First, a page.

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To what extent has the Labour party completely abandoned its' traditional Principles?

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To what extent has the Labour party completely abandoned its' traditional Principles? There can be little doubt that the labour party has gone through many changes to its beliefs and ideals over the last fifteen years, meaning that the Labour party (under the name of "New Labour") has altered, if not abandoned its principles to a large extent. One traditional Labour party principle to have been completely abandoned is the policy of nationalisation. Under the old clause lV of the Labour party, which stated that "common ownership" of the "commanding heights" should be achieved, nationalisation was to be enforced and adopted by the Labour party, should they be voted into power by the British electorate. This socialistic policy (under the aim of 'Collectivisation') was also adopted by the Labour party under the general election manifesto of 1987, under which it stated that the party would, "Extend social ownership and set up British Enterprise". However, New Labour is shown to have completely abandoned this ideal by the general election of 1997, because the manifesto for this election states, "Government and industry must work together to achieve key objectives aimed at enhancing the dynamism of the market". ...read more.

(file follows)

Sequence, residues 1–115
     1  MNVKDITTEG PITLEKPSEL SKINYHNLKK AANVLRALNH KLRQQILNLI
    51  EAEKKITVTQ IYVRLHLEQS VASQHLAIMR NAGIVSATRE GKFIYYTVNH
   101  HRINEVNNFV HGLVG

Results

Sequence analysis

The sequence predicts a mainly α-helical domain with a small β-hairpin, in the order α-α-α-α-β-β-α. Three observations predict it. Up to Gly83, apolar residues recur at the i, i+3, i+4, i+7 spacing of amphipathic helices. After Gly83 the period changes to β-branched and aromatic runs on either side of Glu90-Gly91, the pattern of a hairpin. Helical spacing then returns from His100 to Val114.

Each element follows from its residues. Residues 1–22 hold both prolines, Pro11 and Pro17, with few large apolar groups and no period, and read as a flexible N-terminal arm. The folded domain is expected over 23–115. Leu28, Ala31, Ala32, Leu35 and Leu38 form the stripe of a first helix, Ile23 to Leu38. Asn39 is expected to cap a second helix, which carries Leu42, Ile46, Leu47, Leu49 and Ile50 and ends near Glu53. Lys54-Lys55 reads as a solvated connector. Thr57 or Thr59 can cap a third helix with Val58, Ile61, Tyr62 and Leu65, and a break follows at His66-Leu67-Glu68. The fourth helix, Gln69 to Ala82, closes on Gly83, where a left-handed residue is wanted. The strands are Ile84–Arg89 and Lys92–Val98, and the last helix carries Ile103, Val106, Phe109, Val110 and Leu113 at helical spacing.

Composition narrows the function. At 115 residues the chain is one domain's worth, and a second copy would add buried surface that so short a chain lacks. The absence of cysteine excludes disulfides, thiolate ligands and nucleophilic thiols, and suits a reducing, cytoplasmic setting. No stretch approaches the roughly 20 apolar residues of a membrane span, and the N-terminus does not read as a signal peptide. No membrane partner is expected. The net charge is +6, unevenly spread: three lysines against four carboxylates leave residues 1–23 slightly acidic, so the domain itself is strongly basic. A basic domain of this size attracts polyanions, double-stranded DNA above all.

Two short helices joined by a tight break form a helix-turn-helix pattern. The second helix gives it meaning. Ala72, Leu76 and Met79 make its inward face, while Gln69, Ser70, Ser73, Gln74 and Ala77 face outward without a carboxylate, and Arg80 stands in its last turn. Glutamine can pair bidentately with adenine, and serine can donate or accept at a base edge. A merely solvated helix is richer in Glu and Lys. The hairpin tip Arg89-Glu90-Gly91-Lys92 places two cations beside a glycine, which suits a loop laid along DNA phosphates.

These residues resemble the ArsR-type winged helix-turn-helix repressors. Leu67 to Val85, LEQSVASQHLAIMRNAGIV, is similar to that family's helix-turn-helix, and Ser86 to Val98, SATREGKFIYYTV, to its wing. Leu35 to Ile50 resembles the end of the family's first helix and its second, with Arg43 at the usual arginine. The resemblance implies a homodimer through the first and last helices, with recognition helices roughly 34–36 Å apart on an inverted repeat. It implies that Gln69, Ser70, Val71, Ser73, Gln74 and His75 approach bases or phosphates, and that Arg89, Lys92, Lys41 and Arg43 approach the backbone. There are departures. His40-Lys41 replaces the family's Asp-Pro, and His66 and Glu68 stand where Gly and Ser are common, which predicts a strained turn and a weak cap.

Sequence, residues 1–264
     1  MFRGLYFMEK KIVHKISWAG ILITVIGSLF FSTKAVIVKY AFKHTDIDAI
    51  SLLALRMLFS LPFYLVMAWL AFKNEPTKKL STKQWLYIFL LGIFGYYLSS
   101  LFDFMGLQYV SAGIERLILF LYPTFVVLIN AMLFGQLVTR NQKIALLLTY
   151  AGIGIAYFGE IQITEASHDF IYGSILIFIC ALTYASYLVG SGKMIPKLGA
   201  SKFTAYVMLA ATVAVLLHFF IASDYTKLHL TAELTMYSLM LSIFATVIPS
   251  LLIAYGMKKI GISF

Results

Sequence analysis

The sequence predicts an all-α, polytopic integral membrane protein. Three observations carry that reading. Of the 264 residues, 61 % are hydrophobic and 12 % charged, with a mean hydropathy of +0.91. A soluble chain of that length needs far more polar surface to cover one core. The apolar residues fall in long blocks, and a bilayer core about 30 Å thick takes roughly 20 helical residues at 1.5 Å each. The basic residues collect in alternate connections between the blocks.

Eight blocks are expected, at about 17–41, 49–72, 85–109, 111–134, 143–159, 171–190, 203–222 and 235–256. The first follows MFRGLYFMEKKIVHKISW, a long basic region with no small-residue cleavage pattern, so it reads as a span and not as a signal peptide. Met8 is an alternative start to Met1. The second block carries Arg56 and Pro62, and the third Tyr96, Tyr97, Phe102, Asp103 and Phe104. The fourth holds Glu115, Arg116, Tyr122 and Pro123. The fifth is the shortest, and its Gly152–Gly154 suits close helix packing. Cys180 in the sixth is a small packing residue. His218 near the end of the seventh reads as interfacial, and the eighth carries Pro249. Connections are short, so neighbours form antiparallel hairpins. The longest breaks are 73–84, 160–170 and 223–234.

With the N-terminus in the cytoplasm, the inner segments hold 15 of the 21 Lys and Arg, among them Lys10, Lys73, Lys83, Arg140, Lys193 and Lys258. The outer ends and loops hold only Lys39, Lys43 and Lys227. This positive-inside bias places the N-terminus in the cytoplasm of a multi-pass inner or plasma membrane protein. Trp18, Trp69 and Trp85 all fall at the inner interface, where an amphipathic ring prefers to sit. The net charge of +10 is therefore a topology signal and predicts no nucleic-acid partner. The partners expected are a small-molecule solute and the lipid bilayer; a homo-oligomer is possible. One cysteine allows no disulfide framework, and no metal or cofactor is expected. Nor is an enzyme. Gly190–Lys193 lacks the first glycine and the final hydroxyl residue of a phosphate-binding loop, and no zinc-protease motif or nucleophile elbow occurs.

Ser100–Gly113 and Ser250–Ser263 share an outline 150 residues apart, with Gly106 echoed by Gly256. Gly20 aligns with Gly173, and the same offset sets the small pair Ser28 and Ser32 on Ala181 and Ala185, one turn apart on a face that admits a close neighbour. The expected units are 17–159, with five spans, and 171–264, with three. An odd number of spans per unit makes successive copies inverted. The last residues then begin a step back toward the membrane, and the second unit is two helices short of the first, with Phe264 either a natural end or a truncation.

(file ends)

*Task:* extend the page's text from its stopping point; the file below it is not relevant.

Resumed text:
This shows a complete reversal on the policy of taxation, showing that the traditional labour principal itself had been completely abandoned. An additional traditional Labour party principle to have been completely abandoned is the ideal of protection of trade unions. The traditional Labour party had always been closely linked with trade unions (and had even been formed out of one in 1906) with the manifesto of the Labour party of the general election in 1987, stated that "legitimate trade union activity was at the utmost importance, and the party would introduce laws which strengthen legal rights of representation and improve the existing protection against unfair dismissal." However, by the general election of 1997, this principal too was completely abolished, with the Labour manifesto stating that "In industrial relations, we make it clear that there will be no return to flying pickets, secondary action, strikes with no ballots or the trade union law of the 1970s. There will instead be minimum rights for the individual at the workplace, where our aim is partnership not conflict between employers and employees." ...read more.


This appears to defy and completely abandon the policy of spending more on public services, to achieve equality. Having said this however, there are some traditional Labour principles that new labour have not completely abandoned. Many traditional Labour principal (like that of abolishing the House of Lords due to the fact that it was not elected by the electorate) have merely been adapted. Instead of abolishing the House of Lords, constitutional reforms have been bought in by New Labour, with hereditary peers being abolished. Furthermore, the traditional principle of unilateral disarmament has been amended, with the view of multilateral disarmament taking its place instead. Additionally, it can be argued that the traditional Labour policy of equality has been adapted, as even though taxation and public spending has gone away from this area, new labour have introduced minimum wage and tax credits to combat this fact. In conclusion, the labour party has completely abandoned its traditional principles to a large extent; however, many traditional policies still remain in a different form. These policies include disarmament and reform in the House of Lords. Alec Cropper Politics ...read more.

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